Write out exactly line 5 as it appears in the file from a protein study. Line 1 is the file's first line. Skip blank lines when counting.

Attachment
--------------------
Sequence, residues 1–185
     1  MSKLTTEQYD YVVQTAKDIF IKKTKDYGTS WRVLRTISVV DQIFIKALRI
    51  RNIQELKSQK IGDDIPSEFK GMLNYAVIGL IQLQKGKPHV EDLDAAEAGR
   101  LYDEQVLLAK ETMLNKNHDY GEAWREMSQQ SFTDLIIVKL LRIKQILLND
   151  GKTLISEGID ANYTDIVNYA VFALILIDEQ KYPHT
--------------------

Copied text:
   151  GKTLISEGID ANYTDIVNYA VFALILIDEQ KYPHT